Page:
John Calvin and the Princess
A little girl's dreams: With her friends in frilly dresses, she becomes a beaming princess at her birthday party. She shops with her mother for a princess costume on Halloween. But the real story of a princess rarely fits the fantasy. So it was with Princess Renée of France.
"Had I had a beard I would have been the king of France," she fumed. "I have been defrauded by that confounded Salic Law." Renée was convinced that she was as fully qualified to succeed her father as a male heir.
The Salic laws of the Franks had been codified some 1,000 years earlier. Most often cited was the law excluding females from ascending the throne. Renée would become an important figure in the political and religious wrangling of the 16th century, but not as Queen of France. In fact, she would be the Protestant Reformer John Calvin's leading lady—a strategically positioned woman with influence in both France and Italy.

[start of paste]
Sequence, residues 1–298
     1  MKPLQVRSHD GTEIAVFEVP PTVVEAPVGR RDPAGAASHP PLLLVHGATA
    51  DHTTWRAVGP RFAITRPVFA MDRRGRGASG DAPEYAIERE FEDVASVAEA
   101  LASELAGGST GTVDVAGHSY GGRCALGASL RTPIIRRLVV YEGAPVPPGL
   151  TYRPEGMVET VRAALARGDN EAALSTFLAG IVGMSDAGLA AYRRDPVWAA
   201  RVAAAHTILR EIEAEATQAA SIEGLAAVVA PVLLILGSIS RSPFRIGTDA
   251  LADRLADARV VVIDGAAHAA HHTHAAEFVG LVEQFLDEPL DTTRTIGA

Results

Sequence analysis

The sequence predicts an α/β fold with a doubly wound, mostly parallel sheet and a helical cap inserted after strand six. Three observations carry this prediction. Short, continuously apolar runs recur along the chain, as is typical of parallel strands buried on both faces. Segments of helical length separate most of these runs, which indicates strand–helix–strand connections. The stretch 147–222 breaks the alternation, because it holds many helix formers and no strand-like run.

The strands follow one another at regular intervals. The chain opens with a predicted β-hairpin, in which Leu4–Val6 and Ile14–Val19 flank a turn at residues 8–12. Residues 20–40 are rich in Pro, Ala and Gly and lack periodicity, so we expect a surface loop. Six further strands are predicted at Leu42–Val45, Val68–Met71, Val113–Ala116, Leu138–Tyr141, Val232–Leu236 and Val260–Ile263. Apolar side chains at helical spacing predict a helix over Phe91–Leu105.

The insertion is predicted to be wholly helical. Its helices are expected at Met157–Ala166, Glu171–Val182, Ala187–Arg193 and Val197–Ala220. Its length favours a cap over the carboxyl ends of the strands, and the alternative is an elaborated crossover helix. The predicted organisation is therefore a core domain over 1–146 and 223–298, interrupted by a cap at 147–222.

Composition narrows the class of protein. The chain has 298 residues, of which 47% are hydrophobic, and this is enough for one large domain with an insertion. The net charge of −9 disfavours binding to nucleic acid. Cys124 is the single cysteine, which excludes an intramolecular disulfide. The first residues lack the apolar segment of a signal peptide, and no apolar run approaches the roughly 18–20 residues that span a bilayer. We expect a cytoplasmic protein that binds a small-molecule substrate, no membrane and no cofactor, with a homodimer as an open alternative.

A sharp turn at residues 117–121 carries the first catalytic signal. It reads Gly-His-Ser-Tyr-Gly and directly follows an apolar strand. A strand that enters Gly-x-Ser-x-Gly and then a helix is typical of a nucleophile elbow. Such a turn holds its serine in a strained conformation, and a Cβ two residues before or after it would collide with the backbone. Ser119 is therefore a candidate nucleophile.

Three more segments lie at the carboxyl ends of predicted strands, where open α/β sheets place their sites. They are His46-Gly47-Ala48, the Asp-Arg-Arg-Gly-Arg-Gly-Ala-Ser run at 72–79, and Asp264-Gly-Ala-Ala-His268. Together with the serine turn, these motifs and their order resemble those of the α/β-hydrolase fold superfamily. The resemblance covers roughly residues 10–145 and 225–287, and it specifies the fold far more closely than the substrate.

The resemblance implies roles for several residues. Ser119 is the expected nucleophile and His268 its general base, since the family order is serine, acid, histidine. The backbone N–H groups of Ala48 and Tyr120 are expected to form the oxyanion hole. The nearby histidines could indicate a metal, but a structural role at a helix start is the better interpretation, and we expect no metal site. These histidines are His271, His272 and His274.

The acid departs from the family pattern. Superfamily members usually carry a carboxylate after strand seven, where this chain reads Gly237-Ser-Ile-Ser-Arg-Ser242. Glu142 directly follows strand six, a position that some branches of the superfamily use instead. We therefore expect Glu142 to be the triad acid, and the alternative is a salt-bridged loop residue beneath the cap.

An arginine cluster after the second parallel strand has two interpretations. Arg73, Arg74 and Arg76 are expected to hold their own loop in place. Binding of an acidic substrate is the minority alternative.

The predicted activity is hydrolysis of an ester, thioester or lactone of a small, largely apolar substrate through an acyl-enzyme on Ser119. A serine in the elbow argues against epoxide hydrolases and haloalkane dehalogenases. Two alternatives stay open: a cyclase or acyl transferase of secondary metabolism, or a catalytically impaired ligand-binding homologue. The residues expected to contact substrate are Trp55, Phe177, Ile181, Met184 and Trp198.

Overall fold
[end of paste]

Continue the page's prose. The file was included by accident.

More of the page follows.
As much as a contemporary feminist might want to grasp the hand of Renée and make her one of us, she lived in a vastly different world. Hers was at the crossroads between medieval and modern, and hers was a world of royalty with all its refinement as well as its reprehensible rules and customs.
Born in the autumn of 1510, Renée was a year younger than John Calvin and was less than a week shy of her seventh birthday when Martin Luther nailed his 95 Theses to the church door in Wittenberg. Her father was King Louis XII of France. In many respects, he could be classified as a good king. A devout Catholic, he was known as "the Father of the People" for his tax and legal reforms.
Her mother, Anne the Duchess of Brittany, was a shrewd administrator, ...